Habits run our lives. Charlotte Mason recognized that almost a century ago, and nowadays scientists are studying what habits actually are.
In The Power of Habit, Charles Duhigg discusses why we do the things we do as well as how to understand and change our habits.
As a homeschooling mom, I believe habit training is important for my children as well as for myself. We don’t want to waste our time, energy, health, or money on bad habits. Duhigg’s analysis of habits is helping us change our lives, one habit at a time.
But it’s hard to change what you always do without knowing a bit about why you do it. That’s where Duhigg’s book and his detailed flowchart come in. He points out that all habits have the following three parts:
- A cue
- A behavior or routine
- A reward
To change a habit, you must keep the old cue and the old reward but insert a new behavior or routine. This can be a complicated business, and may require significant trial and error. It is vital to think of what you’ll do when you’re tempted by your old habit and to write it down and practice it whenever you’re confronted with the cue. Eventually, the new response can become a new habit.
This means, of course, that you must determine what the cue and the reward are for your child’s behavior—or yours. Why do all of you eat all those cookies every afternoon? Is it because you’re hungry? Bored? Needing a change? Or is it a mindless habit? Once you’ve determined why your family eats those cookies, you’ll be more equipped to set up an alternate behavior or routine for yourself and your children. For example, if you just need a change, you can go for a walk. If you’re hungry, you can prepare a healthy snack in advance. And so on.
None of this is easy, of course. And you’ll need to pick your battles and focus on the most important habits that need changing. Some habits, called keystone habits, have a snowball effect and seem to matter more in remaking lives. I don’t know why, really, but exercising, making one’s bed, and eating dinner as a family are three that seem to have a disproportionate effect on people’s lives. They provide structures that help other habits flourish and they help us to remember our values.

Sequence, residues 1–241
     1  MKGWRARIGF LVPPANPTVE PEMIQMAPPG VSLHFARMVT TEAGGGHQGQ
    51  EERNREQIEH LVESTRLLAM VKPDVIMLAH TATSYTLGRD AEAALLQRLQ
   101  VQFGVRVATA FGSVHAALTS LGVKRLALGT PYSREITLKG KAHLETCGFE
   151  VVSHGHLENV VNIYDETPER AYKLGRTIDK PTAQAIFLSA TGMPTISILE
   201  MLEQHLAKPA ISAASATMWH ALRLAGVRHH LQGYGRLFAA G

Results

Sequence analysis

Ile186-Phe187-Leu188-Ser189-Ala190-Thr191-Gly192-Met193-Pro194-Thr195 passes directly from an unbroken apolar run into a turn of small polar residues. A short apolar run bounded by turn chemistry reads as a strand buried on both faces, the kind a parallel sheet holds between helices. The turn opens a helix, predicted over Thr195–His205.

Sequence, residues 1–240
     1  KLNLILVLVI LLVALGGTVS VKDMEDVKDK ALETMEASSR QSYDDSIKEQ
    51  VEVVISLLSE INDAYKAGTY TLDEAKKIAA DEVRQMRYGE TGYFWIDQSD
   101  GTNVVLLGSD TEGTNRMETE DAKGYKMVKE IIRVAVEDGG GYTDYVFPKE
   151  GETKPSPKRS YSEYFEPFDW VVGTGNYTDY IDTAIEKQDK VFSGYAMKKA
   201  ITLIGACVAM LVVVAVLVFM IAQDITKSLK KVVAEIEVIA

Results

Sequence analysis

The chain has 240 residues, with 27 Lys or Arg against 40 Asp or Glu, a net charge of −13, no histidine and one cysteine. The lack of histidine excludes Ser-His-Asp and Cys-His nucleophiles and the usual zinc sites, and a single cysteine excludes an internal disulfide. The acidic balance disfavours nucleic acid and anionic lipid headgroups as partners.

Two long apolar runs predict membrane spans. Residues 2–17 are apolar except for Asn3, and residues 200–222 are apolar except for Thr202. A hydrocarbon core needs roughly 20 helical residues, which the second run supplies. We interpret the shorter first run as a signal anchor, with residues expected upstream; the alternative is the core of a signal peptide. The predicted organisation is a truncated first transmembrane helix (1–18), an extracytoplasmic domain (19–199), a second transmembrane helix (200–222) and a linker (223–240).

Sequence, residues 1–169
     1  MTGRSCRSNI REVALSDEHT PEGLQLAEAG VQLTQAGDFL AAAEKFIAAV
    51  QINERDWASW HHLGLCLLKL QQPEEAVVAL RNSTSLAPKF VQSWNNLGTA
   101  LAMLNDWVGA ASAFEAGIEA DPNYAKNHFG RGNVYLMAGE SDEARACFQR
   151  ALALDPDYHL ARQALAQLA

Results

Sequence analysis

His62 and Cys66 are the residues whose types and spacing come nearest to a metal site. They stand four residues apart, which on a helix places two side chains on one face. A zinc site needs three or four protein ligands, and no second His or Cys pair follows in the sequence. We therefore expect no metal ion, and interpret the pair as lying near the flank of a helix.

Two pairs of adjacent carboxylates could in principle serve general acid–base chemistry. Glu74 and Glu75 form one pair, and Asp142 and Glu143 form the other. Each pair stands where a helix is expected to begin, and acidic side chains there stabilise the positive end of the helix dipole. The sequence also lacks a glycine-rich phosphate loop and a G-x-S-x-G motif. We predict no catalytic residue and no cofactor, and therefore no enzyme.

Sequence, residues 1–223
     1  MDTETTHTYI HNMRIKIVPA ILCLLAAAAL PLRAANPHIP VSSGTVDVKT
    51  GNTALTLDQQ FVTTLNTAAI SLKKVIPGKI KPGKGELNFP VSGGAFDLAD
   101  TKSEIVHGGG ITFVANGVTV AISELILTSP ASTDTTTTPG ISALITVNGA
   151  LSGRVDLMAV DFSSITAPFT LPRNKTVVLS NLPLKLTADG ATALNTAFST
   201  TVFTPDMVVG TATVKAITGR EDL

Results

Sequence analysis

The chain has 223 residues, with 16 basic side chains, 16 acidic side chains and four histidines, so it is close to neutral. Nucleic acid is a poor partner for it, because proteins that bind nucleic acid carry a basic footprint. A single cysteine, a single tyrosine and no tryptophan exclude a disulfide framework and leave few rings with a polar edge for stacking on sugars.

So now I no longer let the children ‘forget’ to make their beds. Once they understood that I was serious about it, they learned to do it most of the time and appreciate the restfulness it brings to their daily environment. Because, yes, as a family learning at home, we are subtly influenced by the sight of those beds, made or unmade, all day long.
Is this a small change? Sure, but in changing habits, ‘small wins’ are important and build on each other.
Two other ideas jumped out at me from this book:
- Dysfunction occurs when leaders let an institution’s culture develop without guidance. Remember, a family and a homeschool are both ‘institutions’. Douglas Wilson has often mentioned the importance of a family culture in his books about parenting, but I could never understand what he meant. Now I think I do. Duhigg mentions that institutions develop hundreds of routines mindlessly, and that these routines determine to a large extent how the institution works. In other words, we homeschooling moms must take the time to think about the routines developed in our families to make sure they are good. Do they promote our family values? Glorify God? Promote peacefulness? Enhance learning? Encourage a thoughtful use of time, money, and energy?
- Willpower is like a muscle—you get tired after using it for a while. However, like a muscle, it can be strengthened as you learn to regulate impulses and resist temptation. Useful ways of strengthening willpower in our children include sports and music lessons. I’m benefitting from 21 Days to a More Disciplined Life (see my review), and the challenge based on it. Exercising one’s willpower can become a habit with huge benefits.
Of course, since we are sinful creatures, we are inclined to sinful habits. We cannot improve ourselves by ourselves, but by God’s grace we can learn to conform our habits to God’s will. Understanding how habits function in our lives can help us work on them.
For more information about habits, you could read The Power of Habit by Charles Duhigg. He made a wonderful flowchart about changing habits as well. You could also look at what Charlotte Mason has written in Home Education, volume 1 of her series. 21 Days to a More Disciplined Life holds your hand in a practical way as you develop both willpower and new habits.
This post has been entered in The Carnival of Homeschooling and the Charlotte Mason Carnival, and is also linked to the 52 Books in 52 Weeks Challenge, Saturday Reviews, Better Mom Monday, Trivium Tuesdays, Encourage One Another Wednesday, Women Living Well Wednesdays, Works For Me Wednesday , Wisdom Wednesdays, Raising Homemakers, and Frugal Friday